Human Cloning: Yesterday's Never Is Today's Why Not?

December 2, 1997

By GINA KOLATA

Just nine months have passed since an astonished world got its first glimpse of Dolly the lamb, the first animal cloned from a cell taken from an adult. It was a feat that science had declared impossible.

In the hubbub that ensued, scientist after scientist and ethicist after ethicist declared that Dolly should not conjure up fears of a Brave New World. There would be no interest in using the technology to clone people, they said.

They are already being proved wrong. There has been an enormous change in attitudes in just a few months; scientists have become sanguine about the notion of cloning and, in particular, cloning a human being.

Some infertility centers that said last spring they would never clone now say they are considering it. A handful of fertility centers are conducting experiments with human eggs that lay the groundwork for cloning. Moreover, the federal government is supporting new research on the cloning of monkeys, encouraging scientists to perfect techniques that could easily be transferred to humans.

Ultimately, scientists expect cloning to be combined with genetic enhancement, adding genes to give desired traits, which was the fundamental reason cloning was studied in animal research.

Only California has enacted a law making human cloning illegal, and those who are intrigued by the idea of cloning humans argue that it is no worse, morally, than creating custom embryos from sperm and egg donors. After all, it is an American tradition to allow people the freedom to reproduce in any way they like.

"From my perspective, it's just a matter of time" before the first human is cloned, said Dr. Steen Willadsen, a cloning pioneer who developed the fundamental methods for cloning animals.

Willadsen, whose techniques were used in the cloning of Dolly, now works at an in vitro fertilization center at St. Barnabas Hospital in East Orange, N.J. He said he had no ethical problem with cloning humans.

"It is not for me, as a person who invents techniques, to say how we should use them," Willadsen said.

Lori Andrews, a professor at Chicago-Kent College of Law and an expert on legal issues of reproduction, said she recently got a call from a British scientist who told her the same thing. Another doctor, Ms. Andrews added, told her that "if any of my relatives got cancer, I would clone them," and use the clone as a bone marrow donor to save the cancer patient's life.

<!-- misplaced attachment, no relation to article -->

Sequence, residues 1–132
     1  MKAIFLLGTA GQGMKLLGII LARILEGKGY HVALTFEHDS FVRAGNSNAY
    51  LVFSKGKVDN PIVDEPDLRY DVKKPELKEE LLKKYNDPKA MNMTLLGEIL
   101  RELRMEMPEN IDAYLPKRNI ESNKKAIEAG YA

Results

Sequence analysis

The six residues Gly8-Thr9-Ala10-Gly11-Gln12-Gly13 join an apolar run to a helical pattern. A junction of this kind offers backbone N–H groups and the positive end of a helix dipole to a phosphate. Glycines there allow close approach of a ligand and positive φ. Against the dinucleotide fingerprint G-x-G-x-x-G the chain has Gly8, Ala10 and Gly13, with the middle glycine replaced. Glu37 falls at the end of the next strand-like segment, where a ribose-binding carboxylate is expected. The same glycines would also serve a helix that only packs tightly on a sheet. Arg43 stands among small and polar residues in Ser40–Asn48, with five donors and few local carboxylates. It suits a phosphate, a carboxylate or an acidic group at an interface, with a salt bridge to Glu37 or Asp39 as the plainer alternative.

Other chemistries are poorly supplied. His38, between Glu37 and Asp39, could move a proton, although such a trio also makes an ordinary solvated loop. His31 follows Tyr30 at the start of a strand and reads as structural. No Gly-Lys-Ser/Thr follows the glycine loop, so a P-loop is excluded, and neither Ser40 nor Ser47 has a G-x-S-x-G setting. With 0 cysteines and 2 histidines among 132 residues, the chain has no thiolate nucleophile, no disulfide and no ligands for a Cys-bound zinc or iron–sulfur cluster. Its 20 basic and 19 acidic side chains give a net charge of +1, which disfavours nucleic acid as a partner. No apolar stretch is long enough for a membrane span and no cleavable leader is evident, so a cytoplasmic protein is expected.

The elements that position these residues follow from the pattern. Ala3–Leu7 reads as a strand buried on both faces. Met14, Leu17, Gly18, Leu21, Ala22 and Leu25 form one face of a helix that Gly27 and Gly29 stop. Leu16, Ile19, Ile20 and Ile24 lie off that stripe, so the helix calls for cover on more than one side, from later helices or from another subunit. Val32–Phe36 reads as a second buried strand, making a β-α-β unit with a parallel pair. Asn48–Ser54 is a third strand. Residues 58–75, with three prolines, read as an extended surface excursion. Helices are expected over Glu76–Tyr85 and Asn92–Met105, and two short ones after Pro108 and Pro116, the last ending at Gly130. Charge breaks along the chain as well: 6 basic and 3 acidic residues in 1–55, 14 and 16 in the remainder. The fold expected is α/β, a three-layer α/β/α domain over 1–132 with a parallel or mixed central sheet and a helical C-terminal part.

"I absolutely think the tenor has changed," Ms. Andrews said. People who said human cloning would never be done "are now saying, 'Well, the risks aren't that great,"' she said.

"I see a total shift in the burden of proof to saying that unless you can prove there is actually going to be harm, then we should allow it," she said.

Ms. Andrews likes to quote two fertility experts, Dr. Sophia Kleegman and Dr. Sherwin Kaufman, who wrote, three decades ago, that new reproductive arrangements pass through several predictable stages, from "horrified negation" to "negation without horror" to "slow and gradual curiosity, study, evaluation, and finally a very slow but steady acceptance."

That happened, she said, with artificial insemination, with in vitro fertilization, with the freezing of human embryos and with surrogate mothers.

And it is happening with cloning, Ms. Andrews said. But what is so striking, she added, is that "the time frame from 'horrified negation' to 'let's do it' is so much shorter.

"This is very, very quick," she said.

Cloning would be fundamentally different from ordinary reproduction. It would involve taking a cell from a living person, slipping it into an egg cell whose genetic material has been removed and allowing the genetic material of the adult cell to direct the development of a new embryo, then fetus, then person who is the identical twin of the person who provided the initial cell. It would allow a living person to be reborn, in a sense, only at a later time.

Scientists and infertility specialists envision certain specialized circumstances in which it might be acceptable to clone humans. Grieving parents may want to reproduce a terminally ill child. Or a woman may want a child but be infertile. Is it worse somehow for her to clone herself than to obtain an embryo made-to-order with donated egg and sperm, the kind that many fertility clinics are already offering the infertile?